Skin and abdominal temperatures recorded by data loggers attached to Merino sheep voluntarily staying out of shade
Sherwin, C.M. and Johnson, K.G. (1990) Skin and abdominal temperatures recorded by data loggers attached to Merino sheep voluntarily staying out of shade. Australian Journal of Agricultural Research, 41 (4). pp. 781-790.
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To investigate individual differences in thermal status of sheep during voluntary shading, a method of recording body temperatures was developed using data loggers attached to free-ranging animals. During summer, recordings were made of body temperatures of Merino wethers grazing irrigated pasture. Despite shade being readily accessible, the sheep voluntarily stayed in the sun throughout the day. Twenty, 24-h records of intra-abdominal temperature and 12 of concurrent skin temperature were obtained. Both core and skin temperatures exhibited diurnal rhythms influenced by ambient conditions. Short-term fluctuations without obvious cause also occurred in both body temperatures. Skin temperatures of the dorsal surface were considerably higher than previously reported. Core temperatures of sheep voluntarily staying in the sun were not hyperthermic. The maximum 24-h range in intra-abdominal temperature (i.e. 1.9°C) does not support previous data (Bligh and Harthoorn 1965) that indicated sheep might be more thermostable than other mammalian species. The effective heat load and thermal displacement were apparently insufficient to cause the sheep to seek shade in competition with other factors influencing their behaviour.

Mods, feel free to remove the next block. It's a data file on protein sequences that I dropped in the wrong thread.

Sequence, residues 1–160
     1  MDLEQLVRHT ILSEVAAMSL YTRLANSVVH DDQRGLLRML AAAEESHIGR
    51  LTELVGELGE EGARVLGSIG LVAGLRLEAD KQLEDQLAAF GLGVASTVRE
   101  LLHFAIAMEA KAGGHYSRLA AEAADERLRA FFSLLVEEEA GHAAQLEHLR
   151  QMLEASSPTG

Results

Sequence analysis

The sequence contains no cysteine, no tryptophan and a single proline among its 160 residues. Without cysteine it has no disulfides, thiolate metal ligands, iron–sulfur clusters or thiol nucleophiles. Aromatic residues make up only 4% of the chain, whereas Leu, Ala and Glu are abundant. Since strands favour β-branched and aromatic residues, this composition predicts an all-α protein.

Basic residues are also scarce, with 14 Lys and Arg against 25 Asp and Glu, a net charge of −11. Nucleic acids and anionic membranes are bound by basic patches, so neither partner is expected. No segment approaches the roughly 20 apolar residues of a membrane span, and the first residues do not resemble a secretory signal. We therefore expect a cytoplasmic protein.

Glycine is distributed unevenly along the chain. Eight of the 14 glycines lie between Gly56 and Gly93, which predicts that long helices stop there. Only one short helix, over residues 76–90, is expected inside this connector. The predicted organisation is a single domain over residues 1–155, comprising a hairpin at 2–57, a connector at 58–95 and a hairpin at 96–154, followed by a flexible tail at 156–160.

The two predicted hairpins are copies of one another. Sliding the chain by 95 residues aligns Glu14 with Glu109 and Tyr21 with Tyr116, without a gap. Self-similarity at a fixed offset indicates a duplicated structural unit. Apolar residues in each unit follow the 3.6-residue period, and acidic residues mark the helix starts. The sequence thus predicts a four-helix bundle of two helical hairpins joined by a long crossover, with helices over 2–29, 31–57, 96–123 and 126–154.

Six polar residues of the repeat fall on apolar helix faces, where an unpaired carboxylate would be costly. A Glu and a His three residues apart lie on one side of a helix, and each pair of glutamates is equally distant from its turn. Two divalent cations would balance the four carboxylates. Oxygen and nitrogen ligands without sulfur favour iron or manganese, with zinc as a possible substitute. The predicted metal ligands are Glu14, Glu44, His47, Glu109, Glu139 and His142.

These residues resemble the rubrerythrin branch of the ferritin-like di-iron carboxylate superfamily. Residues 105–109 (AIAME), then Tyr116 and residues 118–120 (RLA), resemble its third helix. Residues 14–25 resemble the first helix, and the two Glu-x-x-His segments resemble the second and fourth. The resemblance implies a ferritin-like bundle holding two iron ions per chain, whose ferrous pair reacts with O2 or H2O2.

|Publication Type:||Journal Article|
|Murdoch Affiliation:||School of Veterinary Studies|
|Copyright:||© 1990 CSIRO.|
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